Piwakawaka Mini Te Mära Reo ~ The Language Garden
PROTO-POLYNESIAN ETYMOLOGIES
*Ake
" A tree species [probably associated with durability and fragrance] "
SE-29
SE-25, SE-27

This word appears to have originated in "Proto-Polynesian" times - it does not seem to occur as a plant name in Fiji or further afield.

The tree to which the modern Tongan reflex of this word refers to would probably give us the best clue as to which tree, or which kind of tree, the word first referred. However, we are still investigating this as the Churchwood dictionary says only "A hardwood tree that grows at Vava'u". Similarly the Tahitian reflex is defined in Pollex as "a fragrant plant used to perfume oil". More information about that particular plant might also give clues as to the Marquesan and one of the Hawaiian reflexes. We are also making enquiries about this, so watch this space!

The Maori reflex ake refers exclusively to the tree Dodonaea viscosa (Sapindaceae), and seems to be in the "mainstream" semantically -- it is a tree with a very hard wood (in the past much used for making spears and weapons), black seeds (like most of its Hawaiian namesakes), and its leaves were used for scenting oil, thus apparently combining connotations from the Tongan and Tahitian reflexes of the original word.

The word a'e in Hawaiian refers to a close relative of the NZ ake, Sapindus saponaria ("Soapberry"), a tall, deciduous canopy tree, with black seeds much used in making leis. As you can see from the photographs, the form of the a'ea'e is quite similar to that of its New Zealand counterpart. The Hawaiian word also applies to several other species: four species of Zanthoxylum (Rutaceae), shrubs or small to medium-sized trees with aromatic leaves and a hard durable wood formerly used for making digging sticks and spears, and, on the island of Maui, Xylosma hawaiiense (Flacourtiaceae), a small tree whose fruits have black seeds.

The reduplicated form akeake, however, refers in Maori both to Dodonaea viscosa, a species found in tropical and subtropical regions round the world, and two species of Olearia (Compositae), O. traversii, originally confined to the Chatham Islands, and O. avecenaefolia, native to the South Island. Perhaps the veins on the leaves and the general (rather than specific) appearance of the Olearias in exposed locations reminded those who named them of the ake,but equally likely they were reminiscent of the Tahitian "ae", because of the scents derived from their leaves. (See the pages for ake and akeake for more information about the plants bearing these Mäori names.) On the island of Mauke, in the Cook Islands, akeake denotes the soapberry (Sapindus saponaria); in Rarotonga, according to the Savage Dictionary, it also refers to a local species of Xylosma, X. gracilis.

In Hawaiian, the reduplicated form also refers to a variegated cultivar of banana. I was very fortunate to have visited the Limahuli Garden of the National Tropical Botanical Garden on Kauai, Hawaii, where a friend of one of the curators had presented them with the plant illustrated in the photograph only a few days before. This meaning is shared with the Marquesan cognate, ake. Why this is so seems on the surface to be something of a mystery, but if you look at the shape of the leaves of the a'ea'e banana, and then at the leaves of some of the other plants which have inherited the Polynesian name, imagining that they are similar in size, perhaps the mystery may not be quite so deep.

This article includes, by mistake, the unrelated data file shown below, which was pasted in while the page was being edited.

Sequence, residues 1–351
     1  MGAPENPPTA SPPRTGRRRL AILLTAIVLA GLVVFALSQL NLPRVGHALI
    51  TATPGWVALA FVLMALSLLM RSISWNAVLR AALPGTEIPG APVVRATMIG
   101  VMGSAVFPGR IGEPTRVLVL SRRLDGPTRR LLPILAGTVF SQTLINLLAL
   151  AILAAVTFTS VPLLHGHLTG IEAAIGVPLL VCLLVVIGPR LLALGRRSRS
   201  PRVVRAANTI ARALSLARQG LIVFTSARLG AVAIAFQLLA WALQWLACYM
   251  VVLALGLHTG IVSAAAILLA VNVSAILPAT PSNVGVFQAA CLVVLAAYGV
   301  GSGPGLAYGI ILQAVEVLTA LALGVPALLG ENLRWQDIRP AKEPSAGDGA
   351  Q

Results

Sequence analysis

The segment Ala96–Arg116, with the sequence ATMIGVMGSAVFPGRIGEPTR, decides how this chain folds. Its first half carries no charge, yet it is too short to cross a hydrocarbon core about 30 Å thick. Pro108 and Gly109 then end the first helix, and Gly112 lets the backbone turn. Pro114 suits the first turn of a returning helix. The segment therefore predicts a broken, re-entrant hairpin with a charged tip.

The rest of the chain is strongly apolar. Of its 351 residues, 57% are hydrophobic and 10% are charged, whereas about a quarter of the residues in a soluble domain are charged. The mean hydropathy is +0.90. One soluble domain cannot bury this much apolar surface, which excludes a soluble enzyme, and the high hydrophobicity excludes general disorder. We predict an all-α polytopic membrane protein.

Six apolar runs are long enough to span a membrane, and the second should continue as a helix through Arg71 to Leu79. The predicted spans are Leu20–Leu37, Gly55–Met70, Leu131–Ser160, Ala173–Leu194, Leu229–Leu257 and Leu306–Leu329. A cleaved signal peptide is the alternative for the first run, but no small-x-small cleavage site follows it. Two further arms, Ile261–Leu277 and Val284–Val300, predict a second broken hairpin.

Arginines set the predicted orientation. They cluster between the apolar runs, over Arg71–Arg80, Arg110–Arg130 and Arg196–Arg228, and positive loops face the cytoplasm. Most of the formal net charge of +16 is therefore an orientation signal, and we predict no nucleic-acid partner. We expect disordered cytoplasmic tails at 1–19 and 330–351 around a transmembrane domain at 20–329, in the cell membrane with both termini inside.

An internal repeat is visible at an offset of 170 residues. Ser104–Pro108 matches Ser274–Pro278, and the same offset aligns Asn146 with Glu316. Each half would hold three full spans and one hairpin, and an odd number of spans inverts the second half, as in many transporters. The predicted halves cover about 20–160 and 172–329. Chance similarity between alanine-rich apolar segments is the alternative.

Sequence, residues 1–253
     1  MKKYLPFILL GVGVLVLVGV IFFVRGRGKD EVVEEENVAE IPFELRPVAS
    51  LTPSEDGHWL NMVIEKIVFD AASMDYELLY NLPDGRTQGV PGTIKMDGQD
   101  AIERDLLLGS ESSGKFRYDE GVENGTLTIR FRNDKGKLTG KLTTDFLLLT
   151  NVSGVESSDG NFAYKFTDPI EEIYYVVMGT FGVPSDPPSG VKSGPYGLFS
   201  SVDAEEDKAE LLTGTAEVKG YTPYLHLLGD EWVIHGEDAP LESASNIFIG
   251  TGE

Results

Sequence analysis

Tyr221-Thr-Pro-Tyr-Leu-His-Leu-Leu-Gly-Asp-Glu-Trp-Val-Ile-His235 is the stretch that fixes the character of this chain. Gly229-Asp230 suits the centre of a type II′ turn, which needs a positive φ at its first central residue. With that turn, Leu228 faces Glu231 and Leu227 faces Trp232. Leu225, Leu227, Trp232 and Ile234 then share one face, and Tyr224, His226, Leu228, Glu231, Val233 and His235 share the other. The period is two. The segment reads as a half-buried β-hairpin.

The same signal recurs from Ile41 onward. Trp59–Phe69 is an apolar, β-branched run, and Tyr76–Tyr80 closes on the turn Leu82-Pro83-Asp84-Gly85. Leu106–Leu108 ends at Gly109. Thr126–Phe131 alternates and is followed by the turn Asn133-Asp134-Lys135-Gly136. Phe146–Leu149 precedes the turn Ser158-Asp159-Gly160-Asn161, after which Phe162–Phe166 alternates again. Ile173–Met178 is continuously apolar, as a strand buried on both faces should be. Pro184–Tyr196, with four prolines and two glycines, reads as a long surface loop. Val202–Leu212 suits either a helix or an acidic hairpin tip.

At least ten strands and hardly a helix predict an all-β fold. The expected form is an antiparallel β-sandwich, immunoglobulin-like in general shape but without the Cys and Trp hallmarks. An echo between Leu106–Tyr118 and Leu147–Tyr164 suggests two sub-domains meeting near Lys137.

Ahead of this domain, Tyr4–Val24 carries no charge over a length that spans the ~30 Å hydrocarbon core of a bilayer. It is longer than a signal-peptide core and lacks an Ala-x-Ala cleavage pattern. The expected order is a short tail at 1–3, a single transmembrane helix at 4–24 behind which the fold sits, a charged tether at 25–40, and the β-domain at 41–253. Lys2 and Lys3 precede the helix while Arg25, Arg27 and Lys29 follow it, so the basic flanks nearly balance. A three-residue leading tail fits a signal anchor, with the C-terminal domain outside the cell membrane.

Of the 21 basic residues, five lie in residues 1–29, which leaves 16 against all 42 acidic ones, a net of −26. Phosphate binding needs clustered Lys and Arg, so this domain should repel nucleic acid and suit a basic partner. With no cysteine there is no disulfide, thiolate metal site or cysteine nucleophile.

Tongan: ake ("a hardwood tree found on Vava'u")
Tahitian: ae ("A fragrant plant used to perfume oil")
Marquesan: ake ("A variety of banana")
Hawaiian: a'e (Sapindus saponaria; Zantholyxum spp., Xylosma hawaiiense); a'ea'e (A variety of banana with variegated leaves)
Rarotongan: ake (Dodonaea viscosa)
Maori: ake, akeake (Dodonaea viscosa); akeake (D. viscosa; Olearia avicenniaefolia & O. traversii.)

Related Words. The Pollex list includes a Rarotongan form 'ake'ake denoting the tree Sapindus vitiensis; this could possibly be cognate with (South Island) Maori hakeke, given as an alternative name for Olearia avecinnaefolia in M. Riley'sHerbal, but at present I have no independent confirmation of these words.

Caption

A'e - Sapindus saponaria (Hawaii)
Photo by Forest & Kim Starr (USGS)

Caption

Ake - Dodonaea viscosa (Aotearoa)

Caption

A'ea'e - banana variety (Hawaii)
Sources drawn on in preparing this page include the Pollex database, J.T. Salmon's The Native Trees of New Zealand, Manual of the Flowering Plants of Hawai'i (Wagener et al.), M. Riley's Herbal, the Pukui & Elbert Hawaiian Dictionary, C.M. Churchward's Tongan Dictionary, the Savage Rarotongan Dictionary and Buse Cook Islands Maori Dictionary, all referenced in the bibliography on the Acknowledgements page; and the USDA and ZipCode Zoo websites.
Photographs: (1) Sapindus sapinoria growing in the Maui Nui Botanical Garden, Maui - photo by Forest and Kim Starr; (2) Dodonaea viscosa, Te Mära Reo, and (3) A'ea'e Musa sp.), Limahuli Garden, NTBG, Hanalei, Hawaii - photos by R.B.
 

Hue flower

Te Mära Reo, c/o Benton Family Trust, "Tumanako", RD 1, Taupiri, Waikato 3791, Aotearoa / New Zealand
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